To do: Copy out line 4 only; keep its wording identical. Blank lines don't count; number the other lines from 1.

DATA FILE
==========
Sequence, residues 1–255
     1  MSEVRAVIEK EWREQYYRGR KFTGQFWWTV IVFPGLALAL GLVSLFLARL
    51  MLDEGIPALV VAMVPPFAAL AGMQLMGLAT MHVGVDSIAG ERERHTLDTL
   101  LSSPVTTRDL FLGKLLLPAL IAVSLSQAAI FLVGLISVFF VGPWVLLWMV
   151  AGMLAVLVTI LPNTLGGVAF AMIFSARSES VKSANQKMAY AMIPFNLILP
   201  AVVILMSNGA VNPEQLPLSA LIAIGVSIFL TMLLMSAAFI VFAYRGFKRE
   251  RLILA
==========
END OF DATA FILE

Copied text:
   101  LSSPVTTRDL FLGKLLLPAL IAVSLSQAAI FLVGLISVFF VGPWVLLWMV